Why are flights being canceled? As we head into the hot summer months, flights may be impacted by excessive delays and cancelations.
With the release of the Intergovernmental Panel on Climate Change’s report on the state of the climate, it is clear that a concerted effort is essential to slowing the effects of rising temperatures across the globe. In the report, which the IPCC released in February, scientists warn of irreversible damage if we fail to take significant measures over the next decade to curtail emissions.
More immediately, the aviation industry is already seeing some of the effects of rising temperatures impact airlines and customers.
Why are flights being canceled? Temperature rises make it difficult to take off.
In the world’s hottest locations, extreme heat can make take off all but impossible because the air becomes too thin to support an aircraft. Over the past several years, however, cities in more temperate regions—think Seattle, Portland, and London—have experienced these heat-caused hiccups more frequently.
Just last June, the Pacific Northwest experienced record-breaking temperatures that pushed the mercury to 130 degrees on the tarmac. An airplane’s ability to take off is not the only obstacle to an on-time flight—those working on the tarmac must take more frequent breaks to avoid overheating, which can extend the time it takes to ready an aircraft.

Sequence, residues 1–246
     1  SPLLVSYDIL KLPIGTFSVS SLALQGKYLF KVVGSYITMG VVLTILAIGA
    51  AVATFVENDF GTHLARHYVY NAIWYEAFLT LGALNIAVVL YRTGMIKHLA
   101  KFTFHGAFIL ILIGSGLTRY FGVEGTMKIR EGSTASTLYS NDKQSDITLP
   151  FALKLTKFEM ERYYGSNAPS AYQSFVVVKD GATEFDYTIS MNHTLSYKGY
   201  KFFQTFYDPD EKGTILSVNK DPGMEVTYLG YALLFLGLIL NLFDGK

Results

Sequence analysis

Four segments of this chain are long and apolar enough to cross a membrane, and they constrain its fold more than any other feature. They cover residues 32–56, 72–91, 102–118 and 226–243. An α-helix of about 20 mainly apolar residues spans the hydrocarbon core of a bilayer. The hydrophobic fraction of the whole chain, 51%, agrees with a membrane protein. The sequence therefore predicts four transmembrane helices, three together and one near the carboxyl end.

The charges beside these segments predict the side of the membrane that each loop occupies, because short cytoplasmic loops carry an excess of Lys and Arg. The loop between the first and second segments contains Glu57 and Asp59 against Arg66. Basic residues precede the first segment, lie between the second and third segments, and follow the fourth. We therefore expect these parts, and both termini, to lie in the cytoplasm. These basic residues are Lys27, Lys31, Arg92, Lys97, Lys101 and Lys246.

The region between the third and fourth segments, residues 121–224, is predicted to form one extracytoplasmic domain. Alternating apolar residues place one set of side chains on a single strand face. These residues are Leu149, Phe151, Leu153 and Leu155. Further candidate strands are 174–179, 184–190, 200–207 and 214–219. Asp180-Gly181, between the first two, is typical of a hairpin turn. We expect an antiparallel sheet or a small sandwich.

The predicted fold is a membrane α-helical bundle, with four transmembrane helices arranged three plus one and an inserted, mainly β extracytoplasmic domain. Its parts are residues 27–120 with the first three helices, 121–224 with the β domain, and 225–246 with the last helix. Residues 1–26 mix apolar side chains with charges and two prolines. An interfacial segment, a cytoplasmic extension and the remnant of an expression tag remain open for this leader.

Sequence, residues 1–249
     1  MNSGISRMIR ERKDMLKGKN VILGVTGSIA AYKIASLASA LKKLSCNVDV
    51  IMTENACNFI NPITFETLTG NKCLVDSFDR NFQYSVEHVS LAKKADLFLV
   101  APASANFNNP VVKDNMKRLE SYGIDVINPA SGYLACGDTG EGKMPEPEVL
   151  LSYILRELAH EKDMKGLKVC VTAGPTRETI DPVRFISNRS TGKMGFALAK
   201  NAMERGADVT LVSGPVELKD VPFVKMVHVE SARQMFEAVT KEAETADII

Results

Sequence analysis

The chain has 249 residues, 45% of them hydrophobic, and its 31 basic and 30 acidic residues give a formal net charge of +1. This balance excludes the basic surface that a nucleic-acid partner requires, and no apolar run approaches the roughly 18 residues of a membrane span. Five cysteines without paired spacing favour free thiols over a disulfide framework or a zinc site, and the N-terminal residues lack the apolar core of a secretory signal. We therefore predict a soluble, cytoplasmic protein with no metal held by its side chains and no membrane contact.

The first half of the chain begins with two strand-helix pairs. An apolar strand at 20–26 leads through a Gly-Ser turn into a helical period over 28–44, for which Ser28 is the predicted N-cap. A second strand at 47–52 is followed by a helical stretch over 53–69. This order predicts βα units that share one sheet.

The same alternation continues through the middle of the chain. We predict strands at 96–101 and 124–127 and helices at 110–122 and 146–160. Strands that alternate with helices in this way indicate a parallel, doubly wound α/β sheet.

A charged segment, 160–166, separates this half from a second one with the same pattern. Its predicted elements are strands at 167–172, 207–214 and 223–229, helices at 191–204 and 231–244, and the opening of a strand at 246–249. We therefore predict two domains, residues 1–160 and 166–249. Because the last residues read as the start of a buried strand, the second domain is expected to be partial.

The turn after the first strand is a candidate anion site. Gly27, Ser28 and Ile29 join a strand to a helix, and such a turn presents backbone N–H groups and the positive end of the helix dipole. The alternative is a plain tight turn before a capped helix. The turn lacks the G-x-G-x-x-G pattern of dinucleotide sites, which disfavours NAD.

How the Aviation Industry Is Responding to Climate Change
In March of 2021, Airlines for America, the trade organization that represents the major U.S. airlines, announced that its members had pledged to achieve net-zero carbon emissions over the next few decades. To address climate change, airlines are partnering with carbon offset programs, using sustainable aviation fuels, and investing in carbon capture technologies to bring carbon levels down.
Manufacturers are also investigating whether battery- and hydrogen-fueled aviation is possible. While the commercial availability of these technologies is still far off, some industry leaders have made great strides. For instance, in September, Rolls Royce conducted a 15-minute test flight of a small electric plane that could lead to short-distance air travel in the near future. Airbus has also said it plans to develop hydrogen-powered airplanes by 2035.
Airports and ground handling service providers are also making an effort to cut emissions. Aircraft are not the sole producer of carbon emissions in the aviation industry. Ground support equipment vehicles today primarily employ combustion technology. However, many service providers are pledging to phase out combustion engines for more climate-friendly electric vehicles.
Another Way to Cut Carbon Emissions in the Aviation Industry
Cutting carbon emissions is critical if we hope to avoid permanent damage to the climate. The aviation industry needs to use all of the tools available if we hope to leave the planet in good shape.
At Synaptic Aviation, we are committed to helping you achieve your emissions goals. Interested in learning how our AI technology can help you reduce fuel burn and become more efficient? Schedule a demo today at 844-505-4496, or contact us on our website.